Powerpoint has become one of those tools that everyone loves to hate. Whether you are preparing a presentation or preparing to watch one, there is this feeling of dread. Reams of material have been written on how to make Powerpoint presentations more interactive, but I think the stigma that has been created will not quickly evaporate. At least I thought that until I read this article from James Forbes. Here’s a snippet:
So what I discovered at this little no-nonsense polytechnic university was the use of presentation decks that were clearly worded and not overloaded with information. The effect of this was to bring me back to the First Church of PowerPoint. My born again acceptance of this technology has been gradual.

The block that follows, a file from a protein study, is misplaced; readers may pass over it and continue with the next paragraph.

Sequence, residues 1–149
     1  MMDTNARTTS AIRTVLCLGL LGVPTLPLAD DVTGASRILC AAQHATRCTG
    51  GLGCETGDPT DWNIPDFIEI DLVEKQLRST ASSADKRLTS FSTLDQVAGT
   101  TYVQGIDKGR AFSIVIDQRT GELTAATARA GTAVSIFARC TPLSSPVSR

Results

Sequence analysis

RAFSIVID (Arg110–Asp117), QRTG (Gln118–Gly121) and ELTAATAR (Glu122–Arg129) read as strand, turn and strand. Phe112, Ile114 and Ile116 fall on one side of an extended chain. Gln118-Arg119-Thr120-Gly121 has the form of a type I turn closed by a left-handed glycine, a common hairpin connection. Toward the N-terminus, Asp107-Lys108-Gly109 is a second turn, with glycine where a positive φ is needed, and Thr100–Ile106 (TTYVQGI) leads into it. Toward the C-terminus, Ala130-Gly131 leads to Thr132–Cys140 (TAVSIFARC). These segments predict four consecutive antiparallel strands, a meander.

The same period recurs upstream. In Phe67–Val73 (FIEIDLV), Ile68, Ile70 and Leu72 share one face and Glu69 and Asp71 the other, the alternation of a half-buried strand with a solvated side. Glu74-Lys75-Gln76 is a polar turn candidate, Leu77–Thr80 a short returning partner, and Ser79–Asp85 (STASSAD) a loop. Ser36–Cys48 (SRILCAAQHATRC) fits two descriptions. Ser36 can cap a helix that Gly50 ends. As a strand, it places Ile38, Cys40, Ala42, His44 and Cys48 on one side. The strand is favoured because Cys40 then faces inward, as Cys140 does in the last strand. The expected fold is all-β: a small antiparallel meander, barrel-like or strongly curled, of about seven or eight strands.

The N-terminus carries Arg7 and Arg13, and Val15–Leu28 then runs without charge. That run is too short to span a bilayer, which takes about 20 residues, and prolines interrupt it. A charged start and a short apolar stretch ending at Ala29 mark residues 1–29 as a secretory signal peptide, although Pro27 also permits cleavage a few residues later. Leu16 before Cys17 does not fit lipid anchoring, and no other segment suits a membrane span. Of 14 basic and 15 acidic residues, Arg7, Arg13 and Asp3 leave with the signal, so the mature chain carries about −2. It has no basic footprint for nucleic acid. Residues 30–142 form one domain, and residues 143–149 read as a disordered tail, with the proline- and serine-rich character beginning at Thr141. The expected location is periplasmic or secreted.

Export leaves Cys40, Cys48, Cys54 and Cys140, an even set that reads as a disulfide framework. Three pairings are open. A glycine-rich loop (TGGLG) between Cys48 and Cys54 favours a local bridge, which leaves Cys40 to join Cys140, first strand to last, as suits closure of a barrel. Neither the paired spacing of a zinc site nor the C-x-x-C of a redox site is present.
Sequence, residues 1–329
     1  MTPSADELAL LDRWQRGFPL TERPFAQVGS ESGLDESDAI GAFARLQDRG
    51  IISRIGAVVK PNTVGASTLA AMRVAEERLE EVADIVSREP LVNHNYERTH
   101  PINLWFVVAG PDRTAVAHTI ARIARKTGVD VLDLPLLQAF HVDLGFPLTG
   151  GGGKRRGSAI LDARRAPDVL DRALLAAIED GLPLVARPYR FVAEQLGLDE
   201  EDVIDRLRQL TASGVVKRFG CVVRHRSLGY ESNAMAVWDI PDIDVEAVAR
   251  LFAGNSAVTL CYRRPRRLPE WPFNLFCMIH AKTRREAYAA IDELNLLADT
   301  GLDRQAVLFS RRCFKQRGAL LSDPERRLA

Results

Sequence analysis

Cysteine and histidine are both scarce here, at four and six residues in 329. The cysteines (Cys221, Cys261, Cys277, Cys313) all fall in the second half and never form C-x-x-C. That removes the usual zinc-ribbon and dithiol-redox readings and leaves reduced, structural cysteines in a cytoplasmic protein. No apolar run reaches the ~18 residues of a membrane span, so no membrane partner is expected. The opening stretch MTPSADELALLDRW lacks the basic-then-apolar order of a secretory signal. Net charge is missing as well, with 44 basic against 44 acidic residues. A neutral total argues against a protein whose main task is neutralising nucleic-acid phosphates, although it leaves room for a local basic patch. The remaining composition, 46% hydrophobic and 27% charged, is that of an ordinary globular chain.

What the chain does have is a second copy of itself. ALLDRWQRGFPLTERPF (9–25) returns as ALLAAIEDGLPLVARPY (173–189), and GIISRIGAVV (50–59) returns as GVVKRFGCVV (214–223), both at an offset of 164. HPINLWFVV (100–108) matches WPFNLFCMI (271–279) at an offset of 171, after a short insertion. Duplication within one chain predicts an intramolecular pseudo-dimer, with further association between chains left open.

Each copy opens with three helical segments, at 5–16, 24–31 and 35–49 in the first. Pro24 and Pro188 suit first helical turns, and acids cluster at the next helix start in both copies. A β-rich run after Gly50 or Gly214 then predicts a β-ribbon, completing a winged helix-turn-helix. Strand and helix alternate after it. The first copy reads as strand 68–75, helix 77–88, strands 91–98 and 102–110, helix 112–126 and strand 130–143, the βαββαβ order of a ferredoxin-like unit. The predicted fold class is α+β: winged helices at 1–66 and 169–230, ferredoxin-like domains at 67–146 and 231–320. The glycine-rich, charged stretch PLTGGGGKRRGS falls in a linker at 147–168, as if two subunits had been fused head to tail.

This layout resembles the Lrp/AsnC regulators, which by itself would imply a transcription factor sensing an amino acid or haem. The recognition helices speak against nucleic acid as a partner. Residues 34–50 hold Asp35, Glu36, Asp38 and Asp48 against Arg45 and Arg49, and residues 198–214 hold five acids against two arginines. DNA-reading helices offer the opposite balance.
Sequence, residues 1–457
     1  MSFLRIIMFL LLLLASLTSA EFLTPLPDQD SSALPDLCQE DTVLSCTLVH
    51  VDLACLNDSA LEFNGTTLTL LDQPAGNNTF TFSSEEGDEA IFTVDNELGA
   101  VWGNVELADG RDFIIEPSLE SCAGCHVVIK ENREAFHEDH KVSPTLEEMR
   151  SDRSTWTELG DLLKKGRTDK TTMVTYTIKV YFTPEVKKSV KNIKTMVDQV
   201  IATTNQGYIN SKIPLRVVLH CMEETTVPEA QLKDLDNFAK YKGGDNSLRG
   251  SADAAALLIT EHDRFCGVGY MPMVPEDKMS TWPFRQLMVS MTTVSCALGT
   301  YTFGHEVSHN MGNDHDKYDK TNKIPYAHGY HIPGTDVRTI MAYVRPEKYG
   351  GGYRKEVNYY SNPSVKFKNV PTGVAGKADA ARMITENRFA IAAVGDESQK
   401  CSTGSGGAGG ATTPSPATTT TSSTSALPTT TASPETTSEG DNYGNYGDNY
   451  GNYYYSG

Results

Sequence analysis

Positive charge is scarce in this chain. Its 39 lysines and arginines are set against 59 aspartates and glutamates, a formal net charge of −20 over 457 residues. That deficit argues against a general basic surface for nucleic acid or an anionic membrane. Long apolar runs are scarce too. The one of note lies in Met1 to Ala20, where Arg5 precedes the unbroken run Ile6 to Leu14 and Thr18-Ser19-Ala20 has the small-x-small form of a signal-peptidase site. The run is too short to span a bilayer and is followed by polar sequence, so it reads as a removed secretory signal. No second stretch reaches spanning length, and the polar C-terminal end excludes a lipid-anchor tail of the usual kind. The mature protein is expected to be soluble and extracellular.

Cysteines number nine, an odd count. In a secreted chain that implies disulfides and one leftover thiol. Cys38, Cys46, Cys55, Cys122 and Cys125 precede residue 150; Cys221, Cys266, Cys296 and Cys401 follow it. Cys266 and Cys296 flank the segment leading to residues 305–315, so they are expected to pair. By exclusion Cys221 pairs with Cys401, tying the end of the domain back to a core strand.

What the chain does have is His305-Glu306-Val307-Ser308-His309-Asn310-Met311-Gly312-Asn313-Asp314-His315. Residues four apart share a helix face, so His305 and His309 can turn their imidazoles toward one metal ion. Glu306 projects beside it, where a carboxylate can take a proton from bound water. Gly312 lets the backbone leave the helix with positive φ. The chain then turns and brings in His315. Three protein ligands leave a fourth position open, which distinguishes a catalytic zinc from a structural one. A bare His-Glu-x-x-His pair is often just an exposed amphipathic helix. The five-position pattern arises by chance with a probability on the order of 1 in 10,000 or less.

It started the first time I sat in a class, looking at a Power Point deck on my Thinkpad X41 tablet PC. With the Presentation deck open, I started making comments and noting questions using my own form of short hand and the onscreen keyboard At that moment I became aware that PowerPoint had gone from being a one-way conduit to a two-way thoroughfare. And most students who were using notebooks were doing the same thing. At the end of the discussion, the students presenting their business plan asked for questions and were immediately besieged by Microsoft OneNote files and copies of their PowerPoint presentation.
Score one for Tablet PCs.